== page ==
Get clear on your core beliefs if you want to create change!
Kate Winslet has made me a little mad recently. I’m actually a massive fan of hers – I think she’s a wonderful actress and I think she’s done many things to help women understand that you don’t have to be thin to be successful.
However, a few weeks ago, I saw a post on the Kate Winslet FB page that I think summarises one of the main issues with women in health, fitness, food and life in general. She said “I know I’m chubby”
Here’s the post in question…
I literally was screaming at my Iphone when I read it… YOU ARE NOT CHUBBY KATE! And I know her post / quote was about inspiring women, but that statement ‘I am chubby’ made me so mad!
And then I stopped and thought about it. This woman (like many others and perhaps many of you reading this) obviously has a very strong core belief that she IS chubby. And later that day I was on the phone to psychologist and NLP practictioner Gill Harvey-Bush as we were prepping some final things for the Emotional Eating program and we were talking about the impact of core beliefs on women’s lives and the factors that influence them. With this ‘I am chubby’ statement, it’s pretty obvious that Kate has some core beliefs around the fact that she doesn’t have the perceived ‘right body’. And then I started to think perhaps it’s because in Hollywood, actresses’ sizes have become thinner and thinner over the last few decades. But also core beliefs usually stem from our early childhood, so I started to think about what her childhood might have been like.
And I remembered a statement Kate made a couple of years back about how she wanted to help her daughter Mia, have better body image. She was famously quoted as saying:
“As a child, I never heard anyone say to me ‘I love my body’. Not my mother, my elder sister, my best friend. No woman ever said; ‘I am so proud of my body’. So I make sure I say it to Mia, because a positive physical outlook has to start at an early age.”
Bit of a contradiction to her recent ‘I am chubby’ post or what?!
What we can see from the second quote here, there is a core belief that she took on as a child which probably was along the lines of ‘women don’t like their bodies’ or perhaps ‘ women can only be only proud of their bodies if they’re perfect or thin’ etc.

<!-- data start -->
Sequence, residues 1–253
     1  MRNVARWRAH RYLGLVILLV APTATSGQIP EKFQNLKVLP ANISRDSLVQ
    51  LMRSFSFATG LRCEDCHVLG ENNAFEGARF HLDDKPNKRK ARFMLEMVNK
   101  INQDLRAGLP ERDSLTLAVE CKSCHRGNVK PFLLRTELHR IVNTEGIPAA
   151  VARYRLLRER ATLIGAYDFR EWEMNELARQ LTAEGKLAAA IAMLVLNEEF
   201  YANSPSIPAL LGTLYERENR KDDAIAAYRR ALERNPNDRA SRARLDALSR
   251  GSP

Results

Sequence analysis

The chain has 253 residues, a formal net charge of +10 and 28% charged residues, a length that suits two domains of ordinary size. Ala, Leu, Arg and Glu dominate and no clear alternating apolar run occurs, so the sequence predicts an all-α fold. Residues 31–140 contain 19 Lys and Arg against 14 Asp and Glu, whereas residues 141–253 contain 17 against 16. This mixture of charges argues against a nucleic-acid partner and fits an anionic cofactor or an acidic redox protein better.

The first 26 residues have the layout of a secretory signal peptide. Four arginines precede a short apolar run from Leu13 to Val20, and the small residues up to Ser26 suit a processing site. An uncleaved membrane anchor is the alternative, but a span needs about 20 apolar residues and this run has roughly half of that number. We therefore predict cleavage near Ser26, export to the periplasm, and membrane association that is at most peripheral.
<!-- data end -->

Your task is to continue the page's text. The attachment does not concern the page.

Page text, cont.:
But the second part of my rant (which isn’t really a rant at all!) is that you can see the conscious and sub conscious mind in action here. BIG TIME.
Now the understanding of how your conscious / subconscious mind works is so powerful when it comes to creating change or in may cases nailing self-acceptance. And that is that the conscious part (the day to day decision making / what you say you want) is just 5%. Just five measly percent! Statements like ‘I’d like to lose weight’ or ‘I want better body image for me and my daughter’ or ‘I’m happy being a size 14 rather than busting my guts to be a size 10’ are the things we probably do really want, BUT it’s just 5% of the equation.
Conversely, the subconscious part of your brain (where your core beliefs, internal survival mechanisms, negative experiences, life-long messages built around fear, pain etc are stored) is 95% and this is where the difficulty lies. This part of your brain is extremely powerful, but is based on very different things to the conscious part. I refer to it as a David and Galliath battle in your head, every minute of the day. The subconscious part will bring out those core beliefs, help you look for evidence around you to back those beliefs up and just as you start making progress towards your goals (or your peace!), BANG! You’ll start saying, doing and feeling different things.
The great news is, David won against Galliath and your conscious part of your mind can win against the sub conscious one. But you need to know how. And you need to keep at it. And you need to do this until your new internal, subconscious, lifelong messages have adjusted to be better ones, or the right ones for you, now you’re older, wiser perhaps.